4) Minimalism and thrift don’t always go hand in hand.
One of the results I expected from this project was to simply buy less. I also wanted to let go of as much as possible, and pare back what I owned. I dream of being able to fit everything I own in a suitcase, but in the end, that just isn’t me.
Whenever I could make something myself instead of buying it, I did. But DIY projects take a lot of supplies, and for the most part require a more maximalist lifestyle. It also gives me a lot of joy to buy things at the thrift store that others would likely pass over because they need someone to mend or reimagine them. As you can imagine, there are a *lot* of partially completed projects that I started because of all my thrift shopping this year.
5) … but thrifting well takes foresight and planning, which is very compatible with minimalism.
I love the idea of a capsule wardrobe, but never thought I could really achieve one. As I carefully planned out a list of clothing items that I was hunting down at thrift stores, I realized inadvertantly that a capsule wardrobe was exactly what I was creating. I became more of a maximalist in some areas, and more of a minimalist in others.
6) It’s important to know the difference between what we need and what we want.
Sometimes it’s easy to confuse the two, but when it takes more effort to track down and purchase the things you need, it becomes clear that some of those items are merely wants. Living without things I needed until I found them at the thrift store definitely made me a more creative problem solver, and helped me rediscover the utility of what I already owned.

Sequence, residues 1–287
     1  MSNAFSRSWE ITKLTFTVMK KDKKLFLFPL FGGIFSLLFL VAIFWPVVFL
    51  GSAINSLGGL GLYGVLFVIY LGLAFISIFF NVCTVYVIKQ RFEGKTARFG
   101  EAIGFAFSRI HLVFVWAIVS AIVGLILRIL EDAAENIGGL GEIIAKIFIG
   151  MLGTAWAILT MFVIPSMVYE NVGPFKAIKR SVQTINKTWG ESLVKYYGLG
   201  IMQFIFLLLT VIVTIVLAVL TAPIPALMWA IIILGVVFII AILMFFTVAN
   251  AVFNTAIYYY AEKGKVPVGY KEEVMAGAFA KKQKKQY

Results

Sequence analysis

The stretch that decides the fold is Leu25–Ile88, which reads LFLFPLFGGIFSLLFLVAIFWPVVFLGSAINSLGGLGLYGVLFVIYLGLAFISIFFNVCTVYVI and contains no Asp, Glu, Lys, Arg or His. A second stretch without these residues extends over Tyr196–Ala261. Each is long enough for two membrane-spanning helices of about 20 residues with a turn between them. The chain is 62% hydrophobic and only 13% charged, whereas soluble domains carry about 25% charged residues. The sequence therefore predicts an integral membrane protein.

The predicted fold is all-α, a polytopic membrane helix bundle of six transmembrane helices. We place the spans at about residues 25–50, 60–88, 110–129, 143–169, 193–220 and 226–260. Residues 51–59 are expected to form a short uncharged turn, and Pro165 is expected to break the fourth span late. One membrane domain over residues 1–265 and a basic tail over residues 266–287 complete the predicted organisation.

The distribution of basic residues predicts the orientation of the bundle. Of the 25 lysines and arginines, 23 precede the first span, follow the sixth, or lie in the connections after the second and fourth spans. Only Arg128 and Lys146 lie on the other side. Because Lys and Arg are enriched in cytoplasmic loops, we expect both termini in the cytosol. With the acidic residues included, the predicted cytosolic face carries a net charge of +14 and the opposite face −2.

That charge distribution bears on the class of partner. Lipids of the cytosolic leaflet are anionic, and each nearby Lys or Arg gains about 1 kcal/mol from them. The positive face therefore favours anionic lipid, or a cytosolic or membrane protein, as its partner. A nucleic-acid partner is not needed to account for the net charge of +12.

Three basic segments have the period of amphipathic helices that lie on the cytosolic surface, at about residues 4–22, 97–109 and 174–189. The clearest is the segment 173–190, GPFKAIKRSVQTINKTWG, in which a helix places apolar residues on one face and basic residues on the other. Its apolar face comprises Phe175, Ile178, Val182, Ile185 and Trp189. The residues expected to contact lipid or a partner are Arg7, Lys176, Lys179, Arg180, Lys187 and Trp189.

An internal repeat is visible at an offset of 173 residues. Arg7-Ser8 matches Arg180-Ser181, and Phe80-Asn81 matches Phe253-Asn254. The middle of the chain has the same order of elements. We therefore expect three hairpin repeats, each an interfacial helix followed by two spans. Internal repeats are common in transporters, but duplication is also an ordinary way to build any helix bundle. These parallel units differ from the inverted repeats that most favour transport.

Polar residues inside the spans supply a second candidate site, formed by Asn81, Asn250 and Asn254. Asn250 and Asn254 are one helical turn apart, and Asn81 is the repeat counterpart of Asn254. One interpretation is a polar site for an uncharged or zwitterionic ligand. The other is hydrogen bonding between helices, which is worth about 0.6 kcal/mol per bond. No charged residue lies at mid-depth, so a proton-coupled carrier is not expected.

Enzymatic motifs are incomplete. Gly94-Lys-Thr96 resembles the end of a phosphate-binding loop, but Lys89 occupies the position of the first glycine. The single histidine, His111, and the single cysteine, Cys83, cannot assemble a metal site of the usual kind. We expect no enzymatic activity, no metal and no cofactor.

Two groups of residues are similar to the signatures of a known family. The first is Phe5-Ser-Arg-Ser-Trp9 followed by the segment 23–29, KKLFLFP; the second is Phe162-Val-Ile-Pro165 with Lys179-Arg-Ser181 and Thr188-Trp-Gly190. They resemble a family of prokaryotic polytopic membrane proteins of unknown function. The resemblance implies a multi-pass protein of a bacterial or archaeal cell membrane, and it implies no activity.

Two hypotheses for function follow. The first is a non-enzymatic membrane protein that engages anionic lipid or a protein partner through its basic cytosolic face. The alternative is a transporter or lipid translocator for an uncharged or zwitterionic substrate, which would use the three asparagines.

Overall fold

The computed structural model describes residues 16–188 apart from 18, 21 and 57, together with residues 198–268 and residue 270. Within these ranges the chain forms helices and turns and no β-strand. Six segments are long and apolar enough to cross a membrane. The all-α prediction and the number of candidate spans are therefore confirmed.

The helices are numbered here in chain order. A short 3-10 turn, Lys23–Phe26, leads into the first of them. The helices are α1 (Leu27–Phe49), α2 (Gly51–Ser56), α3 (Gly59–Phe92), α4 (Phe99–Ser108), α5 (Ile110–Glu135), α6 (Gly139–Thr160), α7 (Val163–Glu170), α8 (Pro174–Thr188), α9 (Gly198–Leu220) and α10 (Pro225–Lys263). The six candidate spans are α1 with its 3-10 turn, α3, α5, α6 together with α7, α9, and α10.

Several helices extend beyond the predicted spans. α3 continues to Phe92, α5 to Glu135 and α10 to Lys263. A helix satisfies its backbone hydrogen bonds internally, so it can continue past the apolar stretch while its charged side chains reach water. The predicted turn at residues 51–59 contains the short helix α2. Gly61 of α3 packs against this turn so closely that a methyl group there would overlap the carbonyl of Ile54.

7) If budget is the main concern, buying secondhand isn’t always the best option.
I mentioned this in my midyear post, but the rest of the year continued to drive home the absurdity of this for me. Probably thanks to sites like eBay, a lot of thift stores tend to mark up items that they deem — for whatever reason — to have a higher value, which means that newer items or nicer brands can be shockingly expensive when purchased secondhand. It’s often cheaper, and far easier, to buy something new at Walmart or H&M than it is to buy it thrifted. The ubiquity of fast fashion and budget retailers means that thrift shopping is a choice regardless of your budget, which is a good thing, but it means that at the same time that produciton of new items is soaring, there’s less reason to consume used, meaning more and more stuff in landfills (see #3).
8) There is beauty in what is old, fixed, mended, and remade.